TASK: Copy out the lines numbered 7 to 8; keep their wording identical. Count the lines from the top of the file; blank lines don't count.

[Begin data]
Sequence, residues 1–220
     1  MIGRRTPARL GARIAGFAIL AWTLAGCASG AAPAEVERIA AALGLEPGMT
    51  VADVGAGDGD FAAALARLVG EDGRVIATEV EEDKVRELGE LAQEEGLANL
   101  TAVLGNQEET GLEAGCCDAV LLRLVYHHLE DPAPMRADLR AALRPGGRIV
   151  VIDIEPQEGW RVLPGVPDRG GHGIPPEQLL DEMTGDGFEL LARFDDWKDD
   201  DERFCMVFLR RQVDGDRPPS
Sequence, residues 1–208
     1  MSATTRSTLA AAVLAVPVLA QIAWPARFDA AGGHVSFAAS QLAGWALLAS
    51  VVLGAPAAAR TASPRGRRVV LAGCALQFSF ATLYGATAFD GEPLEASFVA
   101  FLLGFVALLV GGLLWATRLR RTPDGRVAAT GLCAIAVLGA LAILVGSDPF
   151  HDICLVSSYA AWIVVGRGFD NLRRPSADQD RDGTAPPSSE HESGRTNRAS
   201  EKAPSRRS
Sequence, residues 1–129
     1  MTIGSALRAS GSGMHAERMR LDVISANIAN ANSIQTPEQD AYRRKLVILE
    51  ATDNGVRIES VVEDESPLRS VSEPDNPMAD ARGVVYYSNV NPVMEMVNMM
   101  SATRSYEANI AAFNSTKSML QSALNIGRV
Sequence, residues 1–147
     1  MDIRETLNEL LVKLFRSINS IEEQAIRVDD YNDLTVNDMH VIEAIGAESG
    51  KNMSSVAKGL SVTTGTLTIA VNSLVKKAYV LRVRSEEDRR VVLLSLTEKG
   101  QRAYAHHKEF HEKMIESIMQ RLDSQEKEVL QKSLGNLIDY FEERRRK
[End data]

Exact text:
Sequence, residues 1–208
     1  MSATTRSTLA AAVLAVPVLA QIAWPARFDA AGGHVSFAAS QLAGWALLAS